Why is it so difficult for us foreigners to get dates? Well aside from language, culture, and the fact that cars drive on the wrong side of the road, it's simply that we don't know anyone, don't know where anything is, and haven't the first clue where to begin.
The usual tunnels of love are not open to us. We're new to town and don't know where all the trendy pick-up places are. We go and see St Paul's, Trafalgar Square, Big Ben, and all the other sights, but they're not really ideal for bumping into an enchanting stranger. And there's little in the way of official help in this area. I've yet to see a tour guide point out: 'And on your left is the historic King Henry VIII public house, one of London's best pubs in which to score'.
A lot of people find true love at work, exchanging love memos in the internal mail. If your company has transferred you here, it's usually staffed by the last people on earth you want to date - lonely expatriates like yourself. Anyway, some people have a strict policy not to date those they have to see at the coffee machine every day.
My problem is that as a freelance writer, I work from home. The only women I meet are the ones I interview, who generally fall into three categories: rich celebrities who only acknowledge my presence when their publicists point out the tape-recorder in my hand; suspicious politicians who equate me with the stuff they scrape off their brogues; and the psychopathic type who are doing 35 years for hacking their husbands to death. I also have a strict policy about dating women I work with.
Meanwhile, ethnic community centres offer a sense of belonging and companionship for some. It is only natural to want to date someone who speaks your language, shares your faith, and harbours the same political extremism that put you in exile in the first place.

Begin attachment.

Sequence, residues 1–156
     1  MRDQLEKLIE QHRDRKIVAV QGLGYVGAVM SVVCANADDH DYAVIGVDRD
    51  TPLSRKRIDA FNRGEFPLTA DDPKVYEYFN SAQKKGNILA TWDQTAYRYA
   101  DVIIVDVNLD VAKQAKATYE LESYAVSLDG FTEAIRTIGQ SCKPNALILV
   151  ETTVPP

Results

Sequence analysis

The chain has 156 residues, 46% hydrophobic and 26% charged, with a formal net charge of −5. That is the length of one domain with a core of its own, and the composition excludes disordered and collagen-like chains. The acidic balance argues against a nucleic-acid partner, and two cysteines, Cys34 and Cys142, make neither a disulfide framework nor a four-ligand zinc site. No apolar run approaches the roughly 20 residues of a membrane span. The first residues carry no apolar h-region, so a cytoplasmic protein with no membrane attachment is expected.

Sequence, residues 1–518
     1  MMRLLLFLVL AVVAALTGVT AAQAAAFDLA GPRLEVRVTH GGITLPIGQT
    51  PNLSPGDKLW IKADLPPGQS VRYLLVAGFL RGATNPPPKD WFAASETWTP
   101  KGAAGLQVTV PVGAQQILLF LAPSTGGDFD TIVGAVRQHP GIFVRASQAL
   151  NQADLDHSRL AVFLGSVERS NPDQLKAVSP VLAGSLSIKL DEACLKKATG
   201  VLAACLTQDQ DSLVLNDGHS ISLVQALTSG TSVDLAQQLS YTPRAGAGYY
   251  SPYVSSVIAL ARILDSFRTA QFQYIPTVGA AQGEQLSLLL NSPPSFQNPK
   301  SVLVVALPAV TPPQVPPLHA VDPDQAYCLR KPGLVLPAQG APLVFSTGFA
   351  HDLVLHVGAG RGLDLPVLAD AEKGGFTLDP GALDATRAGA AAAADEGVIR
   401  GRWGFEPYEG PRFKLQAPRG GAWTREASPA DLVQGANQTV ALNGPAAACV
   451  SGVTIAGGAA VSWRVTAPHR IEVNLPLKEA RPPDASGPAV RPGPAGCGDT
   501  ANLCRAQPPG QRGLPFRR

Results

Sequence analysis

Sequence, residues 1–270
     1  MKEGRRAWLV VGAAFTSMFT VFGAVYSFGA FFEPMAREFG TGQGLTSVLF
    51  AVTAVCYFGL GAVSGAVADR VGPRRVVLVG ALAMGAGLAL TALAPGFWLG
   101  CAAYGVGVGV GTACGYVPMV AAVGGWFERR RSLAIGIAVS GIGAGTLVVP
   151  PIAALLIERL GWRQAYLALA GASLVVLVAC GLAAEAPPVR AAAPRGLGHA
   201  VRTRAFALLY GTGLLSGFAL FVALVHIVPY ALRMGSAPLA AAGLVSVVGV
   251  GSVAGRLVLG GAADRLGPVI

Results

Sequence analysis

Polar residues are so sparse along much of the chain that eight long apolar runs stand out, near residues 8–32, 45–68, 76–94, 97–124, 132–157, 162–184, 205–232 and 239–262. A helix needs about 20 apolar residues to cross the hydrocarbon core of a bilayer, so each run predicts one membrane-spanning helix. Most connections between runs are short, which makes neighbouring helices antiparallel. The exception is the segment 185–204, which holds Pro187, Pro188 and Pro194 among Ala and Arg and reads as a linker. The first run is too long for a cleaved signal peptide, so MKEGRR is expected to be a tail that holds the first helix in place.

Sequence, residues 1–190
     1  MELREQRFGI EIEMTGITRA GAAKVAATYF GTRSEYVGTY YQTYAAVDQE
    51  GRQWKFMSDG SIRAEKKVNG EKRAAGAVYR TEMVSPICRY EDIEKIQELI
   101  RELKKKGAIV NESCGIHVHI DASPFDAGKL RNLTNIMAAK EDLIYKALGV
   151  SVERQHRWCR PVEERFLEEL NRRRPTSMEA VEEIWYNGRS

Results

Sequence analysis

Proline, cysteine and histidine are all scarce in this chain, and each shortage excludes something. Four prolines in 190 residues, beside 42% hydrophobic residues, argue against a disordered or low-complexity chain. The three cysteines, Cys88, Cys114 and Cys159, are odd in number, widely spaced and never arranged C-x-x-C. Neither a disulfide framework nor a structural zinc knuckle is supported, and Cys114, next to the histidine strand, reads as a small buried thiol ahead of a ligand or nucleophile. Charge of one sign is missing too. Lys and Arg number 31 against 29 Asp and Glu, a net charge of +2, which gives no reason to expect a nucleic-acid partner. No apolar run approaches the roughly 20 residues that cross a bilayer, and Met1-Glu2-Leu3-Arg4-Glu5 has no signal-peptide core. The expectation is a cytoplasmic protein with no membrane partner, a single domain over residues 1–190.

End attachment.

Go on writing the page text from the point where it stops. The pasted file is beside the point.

You can also check out prospective partners at your local festival. If you're West Indian, there is the Notting Hill Carnival, and if you're Asian, the Chinese New Year is celebrated in Soho. But being Canadian, all I get is the Maple Leaf pub in Covent Garden.
Another problem of being new to a city is you have no friends to feel sorry for you and fix you up on blind dates. If you're lucky, you might have some aged aunty who can introduce you to a neighbour's son or daughter with a 'very pleasant personality'. Some may scoff, but I contend that a blind date, however horrific, is better than no date at all.
One Australian man I met, Andy, felt so lonely after making a call home from a public telephone box that he responded to one of the many cards stuck in the window, attracted to the one that promised 'to soothe the weary traveller'.
He claims that he didn't know what type of cards these were. He rang the number and the woman on the other end asked him to come over. He arrived at a small flat in Soho, where he found out exactly what 'soothing' means (and how much it costs). He was so shocked he didn't stay one minute over the half-hour she had scheduled him for . . . .
Joining a dating agency is a double-edged Cupid's arrow. Any embarrassment you might feel is eradicated by the fact that since you don't know anyone, there's no one to tease you about taking such a step. On the other hand, they are costly, and not too eager to sign up foreigners unless you can prove you'll be here happily ever after.
I had been in London for no more than two weeks before I was approached by someone carrying out a survey. Was I married or single? Was I interested in meeting quality women? Naturally. So I gave my name and number, despite my misgivings. A dating agency had approached me in the same way back in Toronto. When they found out how poor I was, they refused to return my calls. Talk about rejection.
The agency rang me a few days later. 'Oh,' said the sweet-sounding Jessica, 'I can tell by your accent that you're an American and probably won't be here for long. We're looking to place people in permanent relationships.' Click.